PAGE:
IIoT now has established platforms and solutions that lower implementation cost, time, and risk.  These can reduce total project costs by an order of magnitude or more.

Sustainable Solutions

The old approach involving custom software and integration with other applications was brittle; if a software application had an upgrade, the application typically failed.  Since the original project team disbanded, resources would no longer be readily available to fix the problem.  A new team would have to learn the application, architecture, and code.  Rather than make this substantial investment, the software would often be abandoned. 

Applications developed on an IIoT cloud platform minimize the need for the corresponding custom software for the associated underlying infrastructure.  Using a platform reduces support requirements, leading to a more sustainable solution.  With established platforms, IIoT solutions “break” less often and, if broken, can be more easily fixed because one does not need to re-learn the software – just the APIs. 

Case Stories with L&T Technical Services

As additional proof points for the increasing viability of IIoT-enabled solutions for today’s industrial organizations, L&T Technical Services shared some actual case studies with ARC.  Here are some highlights:

  • For 300 expensive CNC machines, an IIoT solution helped improve uptime with data acquisition, analysis with root-cause diagnostics, and predictive maintenance. 
  • For 3,000 MIG welding machines in multiple locations, an IIoT solution helped improve mean-time-to-repair (MTTR) by examining spare parts availability and logistics and incorporating predictive maintenance.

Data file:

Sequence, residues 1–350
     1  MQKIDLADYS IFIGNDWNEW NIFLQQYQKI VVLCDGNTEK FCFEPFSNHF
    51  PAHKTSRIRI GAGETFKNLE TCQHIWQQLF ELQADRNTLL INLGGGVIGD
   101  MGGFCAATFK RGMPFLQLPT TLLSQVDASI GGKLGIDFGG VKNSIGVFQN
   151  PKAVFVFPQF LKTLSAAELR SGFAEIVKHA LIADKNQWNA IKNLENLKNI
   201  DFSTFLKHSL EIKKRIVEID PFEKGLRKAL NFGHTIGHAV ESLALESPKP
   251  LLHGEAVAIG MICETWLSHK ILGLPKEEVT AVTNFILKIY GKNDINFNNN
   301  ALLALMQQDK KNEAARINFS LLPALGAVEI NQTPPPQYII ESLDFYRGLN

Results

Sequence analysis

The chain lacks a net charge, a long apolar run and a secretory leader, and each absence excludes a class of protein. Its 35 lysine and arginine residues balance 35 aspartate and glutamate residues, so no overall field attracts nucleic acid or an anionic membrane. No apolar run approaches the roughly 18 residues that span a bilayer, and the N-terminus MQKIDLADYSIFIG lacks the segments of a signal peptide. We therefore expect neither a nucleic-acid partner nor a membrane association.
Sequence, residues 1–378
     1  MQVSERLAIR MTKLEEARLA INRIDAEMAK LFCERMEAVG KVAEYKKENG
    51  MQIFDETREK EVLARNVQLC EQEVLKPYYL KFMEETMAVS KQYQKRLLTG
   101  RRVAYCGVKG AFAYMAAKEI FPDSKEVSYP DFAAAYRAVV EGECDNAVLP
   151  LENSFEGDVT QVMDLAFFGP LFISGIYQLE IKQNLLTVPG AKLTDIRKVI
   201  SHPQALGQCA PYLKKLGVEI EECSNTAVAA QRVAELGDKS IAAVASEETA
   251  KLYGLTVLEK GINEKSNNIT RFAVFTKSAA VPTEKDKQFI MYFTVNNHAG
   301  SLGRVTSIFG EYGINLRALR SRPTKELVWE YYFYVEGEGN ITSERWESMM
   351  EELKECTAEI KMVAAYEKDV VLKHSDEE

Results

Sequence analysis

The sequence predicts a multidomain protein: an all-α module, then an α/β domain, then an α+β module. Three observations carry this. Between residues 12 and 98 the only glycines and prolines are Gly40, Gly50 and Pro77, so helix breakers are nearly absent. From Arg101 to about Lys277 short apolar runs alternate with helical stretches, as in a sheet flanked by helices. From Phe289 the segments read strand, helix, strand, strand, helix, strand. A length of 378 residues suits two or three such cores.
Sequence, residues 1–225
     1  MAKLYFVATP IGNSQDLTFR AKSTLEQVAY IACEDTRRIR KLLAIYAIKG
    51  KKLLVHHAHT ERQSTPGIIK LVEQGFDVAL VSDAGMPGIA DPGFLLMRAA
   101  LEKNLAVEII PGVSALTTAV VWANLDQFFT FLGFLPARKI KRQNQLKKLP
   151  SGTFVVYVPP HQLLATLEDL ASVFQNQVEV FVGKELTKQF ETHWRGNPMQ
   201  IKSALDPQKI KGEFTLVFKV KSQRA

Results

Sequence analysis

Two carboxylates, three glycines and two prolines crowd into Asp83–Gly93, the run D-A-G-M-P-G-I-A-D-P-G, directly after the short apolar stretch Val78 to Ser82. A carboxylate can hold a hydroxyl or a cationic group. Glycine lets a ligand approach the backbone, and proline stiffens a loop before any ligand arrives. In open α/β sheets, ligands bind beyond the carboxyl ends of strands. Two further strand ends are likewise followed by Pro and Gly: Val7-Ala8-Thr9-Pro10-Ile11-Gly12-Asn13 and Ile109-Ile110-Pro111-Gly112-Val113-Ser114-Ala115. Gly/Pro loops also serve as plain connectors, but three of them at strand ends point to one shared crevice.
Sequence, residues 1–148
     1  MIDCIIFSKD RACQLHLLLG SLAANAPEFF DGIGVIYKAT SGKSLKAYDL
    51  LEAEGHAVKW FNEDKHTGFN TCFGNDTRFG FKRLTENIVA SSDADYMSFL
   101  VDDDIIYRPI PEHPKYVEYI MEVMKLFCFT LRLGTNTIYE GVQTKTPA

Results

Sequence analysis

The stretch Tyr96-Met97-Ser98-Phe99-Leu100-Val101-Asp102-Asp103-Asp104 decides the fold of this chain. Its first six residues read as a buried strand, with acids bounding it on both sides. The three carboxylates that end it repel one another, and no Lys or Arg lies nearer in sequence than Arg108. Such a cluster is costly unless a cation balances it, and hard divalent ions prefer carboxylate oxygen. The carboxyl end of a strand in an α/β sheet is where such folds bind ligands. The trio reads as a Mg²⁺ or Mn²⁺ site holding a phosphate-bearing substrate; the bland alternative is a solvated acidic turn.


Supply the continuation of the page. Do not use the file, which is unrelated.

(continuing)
• In power transmission, IIoT-enabled predictive maintenance reduced downtime and cost of maintenance by monitoring the health of large transformers.  This included analyzing oil sampling test results, transformer winding temperatures, oil temperatures, loading, and maintenance logs.
  • An IIoT-enabled energy monitoring and management solution involving water, air, gas, electricity and steam (WAGES) consumption, monitored conditions with dashboards, provided visibility to compare plants, and helped benchmark best practices.  The company achieved energy savings of $6.9 million per year across its fleet of 28 plants.
  • An intelligent building solution for energy management included HVAC, lighting, electrical, meters, elevator, water pumps, UPS, access control, and fire panel. The company reduced energy consumption without compromising human comfort and productivity.
  • Combining IoT-enabled remote monitoring for personnel protective equipment with sensors, analytics and cloud to improve safety and avoid incidents. 

Recommendations

IIoT technology is being applied today to a wide array of industries and systems.  Most industrial organizations first find the “low hanging fruit” with predictive maintenance and start there.  Nearly all end users have a problematic critical piece of equipment for which unplanned downtime negatively impacts production and the associated revenue – which quickly gets management attention.  A win here could quickly turn skeptics into believers.  A project focused on one machine or similar machines limits scope to minimize project risk and improve time to benefit. 

After initial successes with PdM, the organization gains skills and confidence to move onto more complex IIoT projects.  Gains can be achieved in broader operational performance across the multiple independent units, work centers, and/or systems that exist in every industrial company.  For example, by using IIoT to track the exact location of critical and expensive materials to improve visibility, coordination and throughput; companies can lower work-in-process material requirements and increase capacity, both which improve the balance sheet and P&L statement and gain positive executive attention.

Comments

  1. I personally agree custom software is expensive with high risk of less-than-successful implementation like you say. I believe it is more effective to go with readymade analytics software for condition and performance monitoring etc. Many companies have experienced this from their ERP system. Using readymade apps purpose built for equipment diagnostics is faster and lower cost, and very easy to use. Learn how other plants do it from this essay: https://www.linkedin.com/pulse/real-end-users-analytics-data-scientists-jonas-berge